BtrFS as a root file system
torriem at gmail.com
Sat Feb 1 23:51:01 MST 2014
On 01/31/2014 05:27 PM, Robert Fleming wrote:
> Send me the link.
Got things started and working. Took a normal, non-btrfs VM, and copied
its disk's contents to a new image that I formatted to btrfs. Then
fixed up its fstab and grub, and booted on it (selinux is currently off
as it prevented my first boot up, but maybe a relabel is all it needs
will try soon). I did this mainly because I wanted a highly customized
layout to start with, and I didn't want to do another install (internet
isn't so speedy).
I started writing a script to do an automatic root snapshot. The first
goal is just to snapshot the current running root into a "last good"
snapshot that I can boot off of. And that worked out pretty well. I
have it fix up the snapshot's fstab and add an entry to grub for it,
which I keep in a separate /boot ext4 partition, which has some
potential problems until some day when grub2 supports btrfs natively.
Anyway it booted right up into the snapshot. Pretty cool. In my
forthcoming write-up I'll post the script. I want to make it a bit more
flexible and able to handle any subvolume scheme you have.
Learned a few things:
- everyone does btrfs subvolume layouts differently. My layout is
partly influence by how Arch may do it (I think?), partly by how it
would have been done under ZFS. Ubuntu has yet a different layout yet.
- but if you don't have the btrfs layout quite right, you can actually
change it from within by creating new snapshots, set up the way you want
to, fix up fstab in the snapshot, add a grub entry for it (/boot is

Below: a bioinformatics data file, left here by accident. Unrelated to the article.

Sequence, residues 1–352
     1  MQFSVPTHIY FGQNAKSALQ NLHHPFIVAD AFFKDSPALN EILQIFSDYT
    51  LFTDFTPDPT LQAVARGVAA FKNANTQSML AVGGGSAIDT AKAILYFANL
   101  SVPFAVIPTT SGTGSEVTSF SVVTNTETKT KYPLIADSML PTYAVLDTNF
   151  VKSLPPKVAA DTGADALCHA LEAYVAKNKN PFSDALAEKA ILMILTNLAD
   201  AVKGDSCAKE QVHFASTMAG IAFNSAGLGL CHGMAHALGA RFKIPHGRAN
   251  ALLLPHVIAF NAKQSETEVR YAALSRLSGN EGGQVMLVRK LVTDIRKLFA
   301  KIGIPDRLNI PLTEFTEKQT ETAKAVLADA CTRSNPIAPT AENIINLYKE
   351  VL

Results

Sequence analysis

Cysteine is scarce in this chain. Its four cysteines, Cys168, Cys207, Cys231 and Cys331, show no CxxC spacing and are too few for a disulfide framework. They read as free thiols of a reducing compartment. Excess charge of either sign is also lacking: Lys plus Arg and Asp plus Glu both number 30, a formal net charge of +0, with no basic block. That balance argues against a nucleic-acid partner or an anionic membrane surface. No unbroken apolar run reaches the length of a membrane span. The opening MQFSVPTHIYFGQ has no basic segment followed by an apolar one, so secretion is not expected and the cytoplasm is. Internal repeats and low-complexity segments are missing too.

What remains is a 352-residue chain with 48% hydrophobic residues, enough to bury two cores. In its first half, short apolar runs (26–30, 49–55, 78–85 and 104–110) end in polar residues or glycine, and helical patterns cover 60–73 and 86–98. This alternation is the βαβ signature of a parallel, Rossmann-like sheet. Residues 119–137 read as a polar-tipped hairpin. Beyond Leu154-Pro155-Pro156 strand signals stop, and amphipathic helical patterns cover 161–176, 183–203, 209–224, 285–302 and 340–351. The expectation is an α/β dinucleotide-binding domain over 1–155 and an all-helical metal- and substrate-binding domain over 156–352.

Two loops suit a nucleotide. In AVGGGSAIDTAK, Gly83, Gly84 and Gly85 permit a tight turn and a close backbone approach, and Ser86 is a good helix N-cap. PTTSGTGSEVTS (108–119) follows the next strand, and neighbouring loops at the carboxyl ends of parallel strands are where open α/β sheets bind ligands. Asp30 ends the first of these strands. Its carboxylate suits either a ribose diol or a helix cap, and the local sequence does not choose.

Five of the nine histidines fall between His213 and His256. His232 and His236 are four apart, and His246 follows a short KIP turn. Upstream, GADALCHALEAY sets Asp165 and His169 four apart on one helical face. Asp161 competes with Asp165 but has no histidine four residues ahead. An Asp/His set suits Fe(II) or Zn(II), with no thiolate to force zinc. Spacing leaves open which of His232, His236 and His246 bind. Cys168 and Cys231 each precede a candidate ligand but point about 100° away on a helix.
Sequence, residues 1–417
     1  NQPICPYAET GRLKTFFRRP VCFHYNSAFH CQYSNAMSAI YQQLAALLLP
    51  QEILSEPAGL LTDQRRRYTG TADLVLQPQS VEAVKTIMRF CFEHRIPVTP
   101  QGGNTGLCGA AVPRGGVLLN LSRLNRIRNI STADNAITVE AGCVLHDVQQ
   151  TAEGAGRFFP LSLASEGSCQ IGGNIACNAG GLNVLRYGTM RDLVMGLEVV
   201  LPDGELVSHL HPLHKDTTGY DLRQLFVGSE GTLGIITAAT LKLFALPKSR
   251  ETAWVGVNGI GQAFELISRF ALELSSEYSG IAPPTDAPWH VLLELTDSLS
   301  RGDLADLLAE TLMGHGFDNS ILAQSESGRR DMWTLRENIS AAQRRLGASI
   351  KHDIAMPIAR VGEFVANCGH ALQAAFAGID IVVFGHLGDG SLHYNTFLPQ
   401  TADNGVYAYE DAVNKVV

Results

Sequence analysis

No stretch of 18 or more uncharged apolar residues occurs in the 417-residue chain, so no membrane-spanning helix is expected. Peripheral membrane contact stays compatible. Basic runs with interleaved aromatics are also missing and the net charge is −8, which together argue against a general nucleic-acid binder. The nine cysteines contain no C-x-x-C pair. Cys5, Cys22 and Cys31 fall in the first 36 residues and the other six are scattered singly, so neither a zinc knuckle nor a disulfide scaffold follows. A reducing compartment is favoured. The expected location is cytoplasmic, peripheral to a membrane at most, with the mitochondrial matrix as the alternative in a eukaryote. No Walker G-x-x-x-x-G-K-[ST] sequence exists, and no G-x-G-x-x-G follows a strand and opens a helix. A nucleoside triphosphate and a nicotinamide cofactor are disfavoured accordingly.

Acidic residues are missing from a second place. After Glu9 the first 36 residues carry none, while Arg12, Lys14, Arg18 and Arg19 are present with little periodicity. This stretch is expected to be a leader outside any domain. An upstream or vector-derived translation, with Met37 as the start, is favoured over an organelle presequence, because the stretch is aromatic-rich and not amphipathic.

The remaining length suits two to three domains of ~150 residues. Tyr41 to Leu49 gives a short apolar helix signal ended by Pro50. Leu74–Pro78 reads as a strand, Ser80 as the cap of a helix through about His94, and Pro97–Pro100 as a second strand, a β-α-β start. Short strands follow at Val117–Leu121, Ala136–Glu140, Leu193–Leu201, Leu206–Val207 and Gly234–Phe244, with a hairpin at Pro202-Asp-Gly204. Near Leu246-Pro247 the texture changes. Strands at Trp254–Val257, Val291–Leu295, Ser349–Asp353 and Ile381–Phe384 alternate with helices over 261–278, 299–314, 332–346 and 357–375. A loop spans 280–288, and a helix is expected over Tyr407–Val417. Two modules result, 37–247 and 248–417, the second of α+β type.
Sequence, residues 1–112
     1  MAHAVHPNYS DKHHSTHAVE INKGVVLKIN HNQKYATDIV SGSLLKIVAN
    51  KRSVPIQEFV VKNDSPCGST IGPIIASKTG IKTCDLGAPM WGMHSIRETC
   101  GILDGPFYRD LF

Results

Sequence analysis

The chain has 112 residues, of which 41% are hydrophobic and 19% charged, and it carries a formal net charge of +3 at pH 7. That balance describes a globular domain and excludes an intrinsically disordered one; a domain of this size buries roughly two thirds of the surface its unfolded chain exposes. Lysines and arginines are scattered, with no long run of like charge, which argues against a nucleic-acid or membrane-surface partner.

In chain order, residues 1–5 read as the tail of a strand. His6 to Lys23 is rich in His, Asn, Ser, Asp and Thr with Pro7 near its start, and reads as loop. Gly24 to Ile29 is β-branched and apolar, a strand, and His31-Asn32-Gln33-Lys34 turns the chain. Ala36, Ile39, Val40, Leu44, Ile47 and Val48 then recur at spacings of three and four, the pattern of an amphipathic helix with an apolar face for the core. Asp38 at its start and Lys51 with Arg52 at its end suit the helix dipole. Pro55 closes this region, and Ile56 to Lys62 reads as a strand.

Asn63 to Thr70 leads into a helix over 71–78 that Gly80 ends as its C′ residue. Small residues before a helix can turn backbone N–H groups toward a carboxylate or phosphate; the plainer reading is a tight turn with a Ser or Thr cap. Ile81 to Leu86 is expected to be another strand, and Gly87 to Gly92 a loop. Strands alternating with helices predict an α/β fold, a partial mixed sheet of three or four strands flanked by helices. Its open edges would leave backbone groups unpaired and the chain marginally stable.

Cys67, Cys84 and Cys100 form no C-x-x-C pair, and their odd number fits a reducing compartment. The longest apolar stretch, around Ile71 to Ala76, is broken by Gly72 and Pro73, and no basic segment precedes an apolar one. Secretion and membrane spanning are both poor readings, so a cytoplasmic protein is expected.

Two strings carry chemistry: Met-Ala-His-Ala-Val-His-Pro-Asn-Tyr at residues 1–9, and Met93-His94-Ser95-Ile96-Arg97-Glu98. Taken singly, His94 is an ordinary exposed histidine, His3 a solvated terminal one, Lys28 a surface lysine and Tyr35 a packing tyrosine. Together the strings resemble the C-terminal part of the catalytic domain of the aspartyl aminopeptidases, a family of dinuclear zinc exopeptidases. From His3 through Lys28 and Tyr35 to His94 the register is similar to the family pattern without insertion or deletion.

currently ext4 and separate), then boot into that, and then once in
there, delete your old root. That's the beauty of snapshots.
Copy-on-write volumes. Wonderful.
- BtrFS subvolumes are hierarchical (have parent/child relationships),
but referred to mainly by their path, which is in some measure based on
where they are mounted or located, which may have nothing to do with the
path of the parent fs. This provides a lot of flexibility that ZFS
didn't have. Snapshots can be read-only, but to be bootable they really
need to be read-write. In this way snapshots are really full
subvolumes, just that they are essentially dedupped with another
subvolume. Powerful concept.
- yum-plugin-fs-snapshot is too naive to work with my layout, and
actually doesn't run without a patch even though it's in the official
Fedora repositories. I guess no one uses it. I might fix it up to work
with a bunch of different layouts and submit patches. Maybe this is a
useful thing, maybe it's not.
- snapshots of the root file system might be somewhat inconsistent. If
MySQL is running when its database is snapshotted, then the files in the
snapshot might not be clean. It's a tricky issue, especially on
production machines. And if my present goal is to get a snapshot of a
known-to-boot configuration, I can't do it before the boot process is
completely finished, in case it hangs later on in the process.
TL;DR. I was able to take a snapshot of the whole root filesystem, and
then boot into that snapshot. Then go back to the original root, delete
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